Whether your grill is the centerpiece of an outdoor kitchen or a small hibachi, a clean grill just works better. With a few tools and a little work, you’ll be ready to barbeque again. It’s always helpful to check the owner's manual for specific instructions on cleaning your grill.
After Each Use
The key to a clean grill is to be diligent about cleaning it immediately after each use, rather than waiting until you’re ready to start cooking. Besides, a warm grill is far easier to clean than a cold one. So, the next time you take the steaks off the grill, let any cooked-food residue burn away before turning it off. This is a simple thing to do while the meat "rests." Then turn off the grill and let it cool until slightly warm, then use a small wire brush to clean any food particles that remain on the cooking grates. If there is still gunk on the grates and they are removable and your sink is large enough, soak them in warm water with soap. After they've soaked for a while, remove them from the water and brush clean with a wire brush. Let them air-dry and return them to the grill.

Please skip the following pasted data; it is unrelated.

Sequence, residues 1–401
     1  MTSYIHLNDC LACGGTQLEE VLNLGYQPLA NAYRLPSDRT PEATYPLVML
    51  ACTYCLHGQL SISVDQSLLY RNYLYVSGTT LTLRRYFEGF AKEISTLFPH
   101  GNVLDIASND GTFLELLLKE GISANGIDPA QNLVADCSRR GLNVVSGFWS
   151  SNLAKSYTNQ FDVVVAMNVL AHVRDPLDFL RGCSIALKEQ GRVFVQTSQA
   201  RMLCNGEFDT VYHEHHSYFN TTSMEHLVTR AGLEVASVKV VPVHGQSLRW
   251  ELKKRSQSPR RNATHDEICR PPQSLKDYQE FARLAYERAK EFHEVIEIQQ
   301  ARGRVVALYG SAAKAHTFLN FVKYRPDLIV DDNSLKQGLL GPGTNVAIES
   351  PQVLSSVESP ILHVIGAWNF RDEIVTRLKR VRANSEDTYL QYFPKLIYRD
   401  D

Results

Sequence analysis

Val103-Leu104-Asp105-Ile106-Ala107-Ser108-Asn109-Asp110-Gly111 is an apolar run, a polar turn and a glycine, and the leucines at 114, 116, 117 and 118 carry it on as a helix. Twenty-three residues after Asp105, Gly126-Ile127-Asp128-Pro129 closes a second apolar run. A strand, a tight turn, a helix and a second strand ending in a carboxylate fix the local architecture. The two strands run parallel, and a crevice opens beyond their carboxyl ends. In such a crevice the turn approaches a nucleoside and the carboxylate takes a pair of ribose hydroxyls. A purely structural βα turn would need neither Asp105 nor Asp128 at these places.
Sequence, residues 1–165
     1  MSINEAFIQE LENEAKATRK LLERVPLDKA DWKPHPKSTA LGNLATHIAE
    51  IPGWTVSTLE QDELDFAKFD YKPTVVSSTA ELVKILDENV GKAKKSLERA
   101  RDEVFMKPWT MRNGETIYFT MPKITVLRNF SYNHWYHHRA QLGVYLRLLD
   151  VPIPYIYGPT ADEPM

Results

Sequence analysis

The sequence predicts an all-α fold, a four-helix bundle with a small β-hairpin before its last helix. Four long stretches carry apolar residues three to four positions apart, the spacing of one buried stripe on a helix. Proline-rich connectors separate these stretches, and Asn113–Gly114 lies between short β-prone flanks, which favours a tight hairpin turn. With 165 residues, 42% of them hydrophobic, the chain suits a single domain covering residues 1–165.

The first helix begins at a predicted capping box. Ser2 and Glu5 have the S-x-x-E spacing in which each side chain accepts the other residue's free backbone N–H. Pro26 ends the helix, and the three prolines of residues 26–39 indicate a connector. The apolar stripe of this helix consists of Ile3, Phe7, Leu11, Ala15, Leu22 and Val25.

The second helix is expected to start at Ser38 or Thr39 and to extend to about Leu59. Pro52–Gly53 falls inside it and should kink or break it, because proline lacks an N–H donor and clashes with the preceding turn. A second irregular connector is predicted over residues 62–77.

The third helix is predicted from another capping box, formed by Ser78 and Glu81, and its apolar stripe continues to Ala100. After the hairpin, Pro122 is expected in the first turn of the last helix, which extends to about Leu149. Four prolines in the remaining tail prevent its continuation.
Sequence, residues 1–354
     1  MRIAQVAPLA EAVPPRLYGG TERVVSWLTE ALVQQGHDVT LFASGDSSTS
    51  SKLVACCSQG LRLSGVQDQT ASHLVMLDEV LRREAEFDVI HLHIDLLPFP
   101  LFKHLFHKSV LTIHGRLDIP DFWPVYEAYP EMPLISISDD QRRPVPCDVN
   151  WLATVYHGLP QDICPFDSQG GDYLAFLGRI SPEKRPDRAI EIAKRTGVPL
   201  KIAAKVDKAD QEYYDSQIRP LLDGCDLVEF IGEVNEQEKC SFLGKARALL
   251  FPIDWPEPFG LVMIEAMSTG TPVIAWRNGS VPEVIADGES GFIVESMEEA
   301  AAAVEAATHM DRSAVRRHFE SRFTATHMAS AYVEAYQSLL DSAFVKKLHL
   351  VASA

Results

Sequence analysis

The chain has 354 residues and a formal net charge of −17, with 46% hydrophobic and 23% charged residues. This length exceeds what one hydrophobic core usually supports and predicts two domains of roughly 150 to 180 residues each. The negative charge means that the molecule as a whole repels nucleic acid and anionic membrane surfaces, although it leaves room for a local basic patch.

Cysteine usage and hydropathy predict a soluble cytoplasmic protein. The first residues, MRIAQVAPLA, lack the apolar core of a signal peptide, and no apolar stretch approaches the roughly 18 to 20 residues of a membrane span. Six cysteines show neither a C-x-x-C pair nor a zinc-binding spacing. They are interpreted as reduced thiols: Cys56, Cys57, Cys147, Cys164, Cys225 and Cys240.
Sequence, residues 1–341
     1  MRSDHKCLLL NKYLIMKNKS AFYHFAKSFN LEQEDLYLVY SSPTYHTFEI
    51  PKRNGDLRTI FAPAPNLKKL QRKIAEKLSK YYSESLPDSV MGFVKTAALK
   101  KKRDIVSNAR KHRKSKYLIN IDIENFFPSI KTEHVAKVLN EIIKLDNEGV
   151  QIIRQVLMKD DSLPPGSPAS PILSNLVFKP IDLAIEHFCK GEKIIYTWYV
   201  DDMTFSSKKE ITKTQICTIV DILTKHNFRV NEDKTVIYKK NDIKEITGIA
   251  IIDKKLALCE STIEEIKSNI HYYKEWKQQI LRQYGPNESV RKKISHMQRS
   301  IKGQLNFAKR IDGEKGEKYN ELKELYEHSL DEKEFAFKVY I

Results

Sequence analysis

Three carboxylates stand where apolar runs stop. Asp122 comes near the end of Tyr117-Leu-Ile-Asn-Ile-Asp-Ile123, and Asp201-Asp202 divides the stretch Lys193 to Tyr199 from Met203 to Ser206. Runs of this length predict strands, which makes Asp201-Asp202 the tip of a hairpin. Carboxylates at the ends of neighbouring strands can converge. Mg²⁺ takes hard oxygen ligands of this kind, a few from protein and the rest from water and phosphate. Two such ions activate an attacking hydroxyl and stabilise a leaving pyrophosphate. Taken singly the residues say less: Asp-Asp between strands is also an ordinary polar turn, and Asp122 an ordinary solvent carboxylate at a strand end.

Most people love the smell of barbecue. But caked-on grizzle? Not so much. Yet, too many people seem to forget this important aspect of grilling and food safety. If the grill hasn’t been cleaned in a while, start with the grates. If they are removable, take them out and soak them in warm water and dish soap. Brush clean with a wire brush, and then reassemble the grill and let it air-dry. If other parts require cleaning, check the manual and follow directions.
Sharing the Grill
When it’s in your backyard or deck, it can be pretty easy to keep the grill clean. But if you’re grilling for a picnic or camping trip, the grate might not be in the best shape. Bring a small wire brush so if it looks less than appetizing you can to remove as much of the grilling debris as possible. Then fire up the grill and let the remaining residue burn off before cooking your food.
Grill Cleaning for Food Safety
Cleaning for grilling is more than just the grate! Clean surfaces, like the side table, before unpacking food, using disinfectant cleaning wipes or a spray cleaner and paper towels. Prevent cross-contamination by using different platters and utensils for raw and cooked food. After all that cleaning, don’t forget to wash your wire brush!